Because UMKC is classified as a Division I university by NCAA standards, many think its odd the school does not have a football program.
There may be several reasons why UMKC has foregone America’s most popular college sport. One of the chief concerns in establishing a football program is the large expense. According to Tim Gardner in USA Today, the average Division I football program spends roughly $200,000 a year on equipment and other miscellaneous items, not including scholarships for players.
Football equipment is expensive, and most Division I universities provide players with practically every equipment item necessary but the kitchen sink. This often includes, but is not limited to, multiple pairs of cleats, gloves and socks, several jerseys and t-shirts, pads and helmets. And then there’s “eye black,” the grease players put under their eyes to reduce glare from the sun and stadium lights.
According to Gardner, the average cost to outfit one player is a whopping $2,700 per season. And with a maximum cap of 105 players per Division I football roster, providing equipment could reach up to $283,000.
But that’s just a drop in the bucket. Football expenses in The Big 12 ranged from about $11 million to about $25 million for the period of July 1, 2009-June 30, 2010, according to businessofcollegesports.com.
While a powerhouse like The University of Texas brings in far more cash than it spends, it is extremely doubtful that a UMKC football program could come close to breaking even.
These expenses include extensive financial aid to players.
There are two NCAA Division I football subdivisions, the Football Bowl Subdivision (FBS) and Football Championship Subdivision (FCS).
Schools in the FBS, most notably those in The Big 12 Conference, are allowed to provide full-ride scholarships for up to 85 players.
The FCS does not limit the number of players eligible for aid, but its schools may provide the equivalent of 63 full scholarships.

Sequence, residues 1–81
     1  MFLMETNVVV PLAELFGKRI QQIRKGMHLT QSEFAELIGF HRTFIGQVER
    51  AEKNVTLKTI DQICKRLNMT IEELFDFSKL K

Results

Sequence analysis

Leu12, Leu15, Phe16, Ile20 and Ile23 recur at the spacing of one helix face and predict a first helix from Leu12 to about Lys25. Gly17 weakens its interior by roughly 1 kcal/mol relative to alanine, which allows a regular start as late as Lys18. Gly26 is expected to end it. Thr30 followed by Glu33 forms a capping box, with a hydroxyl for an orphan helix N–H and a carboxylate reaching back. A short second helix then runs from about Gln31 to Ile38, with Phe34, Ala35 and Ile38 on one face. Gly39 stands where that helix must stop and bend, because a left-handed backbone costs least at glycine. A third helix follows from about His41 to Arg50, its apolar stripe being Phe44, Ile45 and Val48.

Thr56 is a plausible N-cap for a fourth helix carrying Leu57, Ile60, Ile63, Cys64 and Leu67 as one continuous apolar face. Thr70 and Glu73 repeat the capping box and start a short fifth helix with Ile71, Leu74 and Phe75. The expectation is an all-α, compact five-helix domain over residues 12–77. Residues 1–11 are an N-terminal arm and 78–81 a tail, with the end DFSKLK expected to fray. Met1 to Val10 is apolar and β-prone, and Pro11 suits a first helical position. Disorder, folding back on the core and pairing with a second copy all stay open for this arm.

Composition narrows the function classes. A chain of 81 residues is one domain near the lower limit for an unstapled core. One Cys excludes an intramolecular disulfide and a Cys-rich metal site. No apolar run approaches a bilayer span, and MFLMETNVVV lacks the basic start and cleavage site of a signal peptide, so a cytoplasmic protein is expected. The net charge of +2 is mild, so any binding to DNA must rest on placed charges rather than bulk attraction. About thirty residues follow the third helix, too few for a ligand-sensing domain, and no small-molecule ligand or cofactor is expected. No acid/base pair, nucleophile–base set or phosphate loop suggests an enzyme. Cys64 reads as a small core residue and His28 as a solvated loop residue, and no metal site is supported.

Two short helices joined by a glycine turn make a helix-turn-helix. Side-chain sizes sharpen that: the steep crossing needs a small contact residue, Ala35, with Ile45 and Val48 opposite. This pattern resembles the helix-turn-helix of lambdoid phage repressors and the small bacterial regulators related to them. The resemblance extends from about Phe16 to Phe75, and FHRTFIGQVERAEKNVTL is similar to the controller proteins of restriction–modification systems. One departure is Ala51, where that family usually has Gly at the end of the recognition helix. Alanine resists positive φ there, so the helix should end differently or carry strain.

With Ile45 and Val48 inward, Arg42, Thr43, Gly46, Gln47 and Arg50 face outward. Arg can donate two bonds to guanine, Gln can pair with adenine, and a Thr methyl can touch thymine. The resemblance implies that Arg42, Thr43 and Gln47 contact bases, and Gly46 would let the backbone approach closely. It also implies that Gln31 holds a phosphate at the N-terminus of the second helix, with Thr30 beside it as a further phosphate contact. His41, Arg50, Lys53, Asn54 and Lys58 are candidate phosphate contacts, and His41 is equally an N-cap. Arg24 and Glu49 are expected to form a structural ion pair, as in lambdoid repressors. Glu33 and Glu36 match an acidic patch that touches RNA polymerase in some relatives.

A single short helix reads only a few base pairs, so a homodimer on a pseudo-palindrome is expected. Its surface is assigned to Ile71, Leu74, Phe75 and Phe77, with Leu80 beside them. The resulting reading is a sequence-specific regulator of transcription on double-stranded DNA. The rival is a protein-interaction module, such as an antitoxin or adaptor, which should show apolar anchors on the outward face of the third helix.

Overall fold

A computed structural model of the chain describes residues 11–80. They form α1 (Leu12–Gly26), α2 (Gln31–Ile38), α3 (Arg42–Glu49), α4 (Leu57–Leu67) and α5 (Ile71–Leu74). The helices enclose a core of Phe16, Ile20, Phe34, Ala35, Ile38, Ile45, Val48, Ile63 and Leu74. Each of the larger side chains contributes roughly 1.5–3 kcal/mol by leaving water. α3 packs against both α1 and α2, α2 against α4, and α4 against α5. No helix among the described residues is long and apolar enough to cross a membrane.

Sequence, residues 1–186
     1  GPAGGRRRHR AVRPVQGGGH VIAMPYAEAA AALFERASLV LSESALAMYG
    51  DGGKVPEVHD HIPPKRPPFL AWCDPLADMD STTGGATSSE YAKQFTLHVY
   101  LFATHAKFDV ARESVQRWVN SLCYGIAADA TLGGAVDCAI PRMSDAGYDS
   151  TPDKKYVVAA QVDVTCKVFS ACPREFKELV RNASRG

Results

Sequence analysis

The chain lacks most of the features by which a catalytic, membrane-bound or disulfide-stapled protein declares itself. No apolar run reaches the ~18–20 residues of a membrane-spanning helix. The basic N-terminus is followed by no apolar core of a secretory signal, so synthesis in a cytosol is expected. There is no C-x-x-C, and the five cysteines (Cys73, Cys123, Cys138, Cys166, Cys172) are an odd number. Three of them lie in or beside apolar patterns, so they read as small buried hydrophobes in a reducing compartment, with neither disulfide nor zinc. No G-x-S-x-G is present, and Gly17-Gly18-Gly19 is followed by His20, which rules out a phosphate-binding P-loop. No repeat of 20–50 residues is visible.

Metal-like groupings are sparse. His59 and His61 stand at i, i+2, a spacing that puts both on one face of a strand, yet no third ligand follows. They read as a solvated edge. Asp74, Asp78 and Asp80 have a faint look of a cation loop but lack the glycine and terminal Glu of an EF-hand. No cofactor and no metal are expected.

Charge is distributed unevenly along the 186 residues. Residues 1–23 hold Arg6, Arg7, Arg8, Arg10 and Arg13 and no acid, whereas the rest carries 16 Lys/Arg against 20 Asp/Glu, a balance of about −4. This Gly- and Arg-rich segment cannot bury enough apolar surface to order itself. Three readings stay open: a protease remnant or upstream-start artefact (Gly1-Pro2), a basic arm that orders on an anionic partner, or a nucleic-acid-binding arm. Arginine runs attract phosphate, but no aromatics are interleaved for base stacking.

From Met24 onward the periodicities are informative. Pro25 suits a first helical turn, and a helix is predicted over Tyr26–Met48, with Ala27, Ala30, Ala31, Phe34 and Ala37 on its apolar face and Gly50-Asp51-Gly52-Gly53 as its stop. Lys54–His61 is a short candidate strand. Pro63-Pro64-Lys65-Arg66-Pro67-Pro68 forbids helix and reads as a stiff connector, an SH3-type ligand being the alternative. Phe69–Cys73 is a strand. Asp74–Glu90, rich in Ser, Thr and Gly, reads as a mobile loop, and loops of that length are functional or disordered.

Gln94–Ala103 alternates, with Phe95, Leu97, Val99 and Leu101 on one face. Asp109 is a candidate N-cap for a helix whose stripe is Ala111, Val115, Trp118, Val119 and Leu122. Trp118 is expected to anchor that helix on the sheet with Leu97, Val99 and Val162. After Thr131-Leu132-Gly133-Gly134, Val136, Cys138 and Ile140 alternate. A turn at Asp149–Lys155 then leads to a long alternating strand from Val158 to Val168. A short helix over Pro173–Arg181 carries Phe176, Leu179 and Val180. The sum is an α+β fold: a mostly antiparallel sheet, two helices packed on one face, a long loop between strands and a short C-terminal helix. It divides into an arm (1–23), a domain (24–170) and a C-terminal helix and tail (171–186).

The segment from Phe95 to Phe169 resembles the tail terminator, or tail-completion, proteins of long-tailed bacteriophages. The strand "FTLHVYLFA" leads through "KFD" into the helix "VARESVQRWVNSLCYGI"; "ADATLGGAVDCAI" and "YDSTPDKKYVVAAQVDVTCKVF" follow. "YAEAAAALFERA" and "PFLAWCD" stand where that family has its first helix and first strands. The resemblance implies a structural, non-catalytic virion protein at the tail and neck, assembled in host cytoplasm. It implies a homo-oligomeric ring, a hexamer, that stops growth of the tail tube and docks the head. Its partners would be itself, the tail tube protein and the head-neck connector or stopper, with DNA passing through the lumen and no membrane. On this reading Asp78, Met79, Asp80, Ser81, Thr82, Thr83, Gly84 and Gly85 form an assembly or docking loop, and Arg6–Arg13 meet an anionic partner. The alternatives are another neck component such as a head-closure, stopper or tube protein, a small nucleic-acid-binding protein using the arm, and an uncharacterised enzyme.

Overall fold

In either subdivision, the all-inclusive yearly cost of a football program is easily more than $400,000.
If UMKC created a football program, recruiting players and coaches would be an additional expense. Though UMKC’s student body is diverse, it’s difficult to imagine a 300-pound, 6-foot-5 offensive lineman wandering through the quad.
Funding for a football program could also increase tuition costs, which is unappealing to even the most enthusiastic football fans.
UMKC’s reputation is not based on athletics, but rather its academics. UMKC is known for the Bloch School and the Conservatory, along with other reputable academic programs.
What it all boils down to is this: When it comes to Division I athletics, UMKC is a tiny fish in a massive pond. It often takes decades to build a reputable college football empire, and the necessary resources can be difficult to obtain.
If UMKC did have a football program, for at least several years, the team most likely wouldn’t fare much better than the Kansas City Chiefs have in the last decade. Though football is a wonderful, highly entertaining team sport, for the time being, UMKC is probably better off saving its money and dignity.